Whether an organization should obtain a SOC 1 or SOC 2 report depends entirely on the controls in question. Controls relating to information that could affect financial statements are covered by SOC 1 reports. SOC 2 covers controls related to nonfinancial information.
Payroll processors, employee benefit plan managers and banks commonly use SOC 1 reports. Data centers, Software as a Service providers and companies subject to industry-specific regulatory standards frequently benefit from SOC 2 reports.
Why should companies consider SOC reporting?
Service organizations that want to remain competitive need internal control attestation in a variety of areas. Many companies will not even consider working with an organization without assurance that relevant controls are well designed and operating effectively. In a highly risk-averse business climate, organizations can demonstrate effective controls with the appropriate SOC report.
Jeff Stark is an audit partner at Sensiba San Filippo LLP. Reach him at (480) 286-7780 or email@example.com.
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The recent financial downturn and continuing economic global crises have caused some users of financial statements — investors, lenders or financial analysts — to question if auditors’ reports could tell more of the story and alert users earlier to looming problems.
“Everybody wants to minimize investment risk. They figure the more that they know, the better equipped they are going to be to make decisions,” says Carolyn H. McNerney, CPA, director of Assurance Services at SS&G.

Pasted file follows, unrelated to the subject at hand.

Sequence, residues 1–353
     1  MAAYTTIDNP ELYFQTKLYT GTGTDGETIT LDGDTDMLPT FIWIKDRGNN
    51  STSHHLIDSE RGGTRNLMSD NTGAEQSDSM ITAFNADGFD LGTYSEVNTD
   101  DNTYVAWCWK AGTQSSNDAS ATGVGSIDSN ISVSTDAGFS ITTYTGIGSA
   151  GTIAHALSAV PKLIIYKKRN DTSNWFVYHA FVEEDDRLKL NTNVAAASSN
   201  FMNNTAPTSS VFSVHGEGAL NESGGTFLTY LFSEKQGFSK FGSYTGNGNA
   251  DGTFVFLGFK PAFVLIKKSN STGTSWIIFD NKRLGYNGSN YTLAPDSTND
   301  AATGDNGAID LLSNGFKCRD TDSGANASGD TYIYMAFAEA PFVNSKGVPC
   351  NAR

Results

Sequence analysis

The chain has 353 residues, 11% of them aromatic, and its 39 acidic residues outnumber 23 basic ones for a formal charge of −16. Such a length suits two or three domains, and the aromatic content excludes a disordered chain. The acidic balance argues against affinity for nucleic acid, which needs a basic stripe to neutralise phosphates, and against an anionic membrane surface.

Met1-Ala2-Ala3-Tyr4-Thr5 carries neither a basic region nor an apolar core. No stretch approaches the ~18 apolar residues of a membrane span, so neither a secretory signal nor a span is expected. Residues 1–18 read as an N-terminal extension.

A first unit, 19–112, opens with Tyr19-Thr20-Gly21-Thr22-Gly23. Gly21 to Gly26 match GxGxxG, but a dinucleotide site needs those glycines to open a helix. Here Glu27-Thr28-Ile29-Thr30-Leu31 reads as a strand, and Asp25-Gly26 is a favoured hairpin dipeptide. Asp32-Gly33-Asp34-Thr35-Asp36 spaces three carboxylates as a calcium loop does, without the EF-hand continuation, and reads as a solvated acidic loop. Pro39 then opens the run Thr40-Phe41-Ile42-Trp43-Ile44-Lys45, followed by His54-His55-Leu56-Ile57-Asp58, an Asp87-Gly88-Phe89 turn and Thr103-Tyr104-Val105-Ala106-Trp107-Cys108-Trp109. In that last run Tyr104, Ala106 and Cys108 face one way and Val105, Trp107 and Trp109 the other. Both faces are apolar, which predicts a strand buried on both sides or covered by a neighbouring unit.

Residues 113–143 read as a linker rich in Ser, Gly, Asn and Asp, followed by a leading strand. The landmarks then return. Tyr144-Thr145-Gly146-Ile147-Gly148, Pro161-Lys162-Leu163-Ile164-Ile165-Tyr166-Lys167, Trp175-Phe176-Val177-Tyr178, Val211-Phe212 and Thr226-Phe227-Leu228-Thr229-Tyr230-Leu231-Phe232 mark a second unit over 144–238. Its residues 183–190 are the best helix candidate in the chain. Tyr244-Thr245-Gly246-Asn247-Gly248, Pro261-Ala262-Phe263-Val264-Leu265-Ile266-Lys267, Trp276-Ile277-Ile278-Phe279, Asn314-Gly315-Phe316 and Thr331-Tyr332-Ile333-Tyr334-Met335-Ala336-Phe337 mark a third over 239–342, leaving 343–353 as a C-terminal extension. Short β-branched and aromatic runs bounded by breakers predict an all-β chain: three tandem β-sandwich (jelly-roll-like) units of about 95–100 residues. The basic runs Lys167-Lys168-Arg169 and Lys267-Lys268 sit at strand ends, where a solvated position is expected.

Now, standard setting agencies are considering what disclosures need to be added to auditors’ reports.
Smart Business spoke with McNerney about expectations for revised auditor reporting.
What are the responsibilities of management versus the auditor for financial statements?
Management is responsible for preparing the financial statements, including required footnote disclosures in conformity with generally accepted accounting principles (GAAP) or other reporting framework. The auditors’ responsibility is to express an opinion on the financial statements based on their audit, which involves performing tests and procedures to obtain evidence about the amounts and disclosures in the statements.
Many, if not most, auditors would argue that disclosure should come from management and an auditor’s responsibility is to ensure the ‘numbers’ are fairly stated. Most also acknowledge that the complexity of required disclosures combined with the multitude of new financial instruments, including derivatives, has increasingly complicated reporting. This complexity is a primary driver in the call for more information in auditors’ reports.